Village Theatre's The Foreigner Arrives Carrying Laughter
Though I'd not seen it, most theatregoers know The Foreigner from countless productions both professional and amateur over the last 25 years. Sadly, Playwright Shue died in 1986, never having known of the play's timeless appeal. Taking place in a rural fishing lodge in Georgia, The Foreigner tells of a guest to the lodge, shy proofreader and sci-fi buff Charlie, brought there by his pal Froggy, by a British demolitions expert who runs training sessions at a nearby location. While Froggy has to depart for a few days, he falsely informs Betty, the quaint elderly proprietor, that Charlie speaks no English, so he won't be disturbed. She imparts this information to the others at the lodge, including Catherine, an heiress and former debutante saddled with a seemingly shifty fiancÚ, the Reverend David Marshall Lee, and Catherine's dull-witted brother Ellard. The not-so-good Reverend David and his ill-tempered white trash buddy Owen are in cahoots with the local KKK, and David is scheming after Catherine and Ellard's inheritance. Before long, Charlie finds himself privy to assorted secrets and scandals freely discussed in front of him by the other visitors. He allows Ellard to "teach him" to speak English, which gives Ellard self-confidence. He run's afoul of David and Owen and must team up with his friends to keep them and their KKK buddies from seizing the lodge.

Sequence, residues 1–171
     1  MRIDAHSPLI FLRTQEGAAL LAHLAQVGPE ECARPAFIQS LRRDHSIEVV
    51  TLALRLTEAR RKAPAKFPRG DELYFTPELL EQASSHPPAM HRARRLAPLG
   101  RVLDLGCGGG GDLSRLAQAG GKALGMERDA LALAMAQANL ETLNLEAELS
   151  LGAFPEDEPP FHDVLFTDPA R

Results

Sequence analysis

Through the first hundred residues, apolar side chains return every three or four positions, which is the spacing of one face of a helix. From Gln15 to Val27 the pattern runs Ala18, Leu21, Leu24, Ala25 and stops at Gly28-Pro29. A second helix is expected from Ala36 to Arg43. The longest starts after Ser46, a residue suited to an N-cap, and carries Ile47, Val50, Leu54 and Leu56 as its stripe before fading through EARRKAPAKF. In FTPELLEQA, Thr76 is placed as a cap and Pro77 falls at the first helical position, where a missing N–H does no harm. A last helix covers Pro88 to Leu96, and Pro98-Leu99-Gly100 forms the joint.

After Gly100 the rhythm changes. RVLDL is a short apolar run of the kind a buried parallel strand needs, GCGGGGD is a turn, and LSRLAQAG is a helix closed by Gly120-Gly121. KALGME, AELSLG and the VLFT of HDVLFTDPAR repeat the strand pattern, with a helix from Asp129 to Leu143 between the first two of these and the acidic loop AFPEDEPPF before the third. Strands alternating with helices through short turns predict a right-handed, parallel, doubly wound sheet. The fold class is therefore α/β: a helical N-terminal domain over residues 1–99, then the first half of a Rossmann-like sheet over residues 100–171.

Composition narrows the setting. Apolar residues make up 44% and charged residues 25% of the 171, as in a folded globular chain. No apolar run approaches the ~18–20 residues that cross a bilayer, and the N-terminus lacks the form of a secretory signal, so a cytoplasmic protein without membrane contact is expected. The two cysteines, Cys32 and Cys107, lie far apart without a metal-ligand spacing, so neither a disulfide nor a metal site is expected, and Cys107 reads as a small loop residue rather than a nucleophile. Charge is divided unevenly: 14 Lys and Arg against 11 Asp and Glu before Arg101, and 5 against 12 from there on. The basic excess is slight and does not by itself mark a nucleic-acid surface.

The role of Charlie requires a skilled comic actor, and Seattle newcomer Erik Gratton is just that. Gratton is hilarious when Charlie is playing mute and "learning" English, and his acting out a version of what seems to be "Little Red Riding Hood" is a gut-buster. Angela DiMarco is appealingly warm as Catherine, while Anthony Lee Phillips is charming and never condescending as Ellard. Sharva Maynard makes a pitch perfect homespun delight as Betty, Jonathan Crimeni is a suitably sly presence as Reverend David, and Patrick Phillips makes a droll Froggy. Eric Ray Anderson's Owen is a model good-old-boy baddie and the face-off scene when Charlie succeeds in spooking him is the single funniest point in the laugh-laden proceedings.
Matthew Smucker's rustic lodge setting is a model of moody details and splendid eccentricity, beautifully enhanced by Tom Sturge's lighting design, and Melanie Burgess' costumes suit the play's locale perfectly.
Perhaps my lack of familiarity with The Foreigner tipped the scale in favor of my having a good time, but regardless of that fact, what better way take the chill off a cool winter's eve than to warm yourself up with some hearty laughter?
The Foreigner runs through March 2, 2014, at Village Theatre, 303 Front Street North in Issaquah, WA and March 7-30 at Everett Performing Arts Center, 2710 Wetmore Avenue Everett, WA. For tickets and other information go to www.villagetheatre.org.